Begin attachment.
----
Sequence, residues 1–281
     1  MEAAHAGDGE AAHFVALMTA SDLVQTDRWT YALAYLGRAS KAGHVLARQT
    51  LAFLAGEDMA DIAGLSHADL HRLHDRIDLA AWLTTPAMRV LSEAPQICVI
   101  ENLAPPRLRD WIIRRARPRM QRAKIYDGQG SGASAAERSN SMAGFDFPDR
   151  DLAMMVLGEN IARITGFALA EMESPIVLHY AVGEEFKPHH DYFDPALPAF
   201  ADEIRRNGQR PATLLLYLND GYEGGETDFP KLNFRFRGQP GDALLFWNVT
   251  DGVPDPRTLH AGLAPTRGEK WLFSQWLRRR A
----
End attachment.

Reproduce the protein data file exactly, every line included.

Sequence, residues 1–281
     1  MEAAHAGDGE AAHFVALMTA SDLVQTDRWT YALAYLGRAS KAGHVLARQT
    51  LAFLAGEDMA DIAGLSHADL HRLHDRIDLA AWLTTPAMRV LSEAPQICVI
   101  ENLAPPRLRD WIIRRARPRM QRAKIYDGQG SGASAAERSN SMAGFDFPDR
   151  DLAMMVLGEN IARITGFALA EMESPIVLHY AVGEEFKPHH DYFDPALPAF
   201  ADEIRRNGQR PATLLLYLND GYEGGETDFP KLNFRFRGQP GDALLFWNVT
   251  DGVPDPRTLH AGLAPTRGEK WLFSQWLRRR A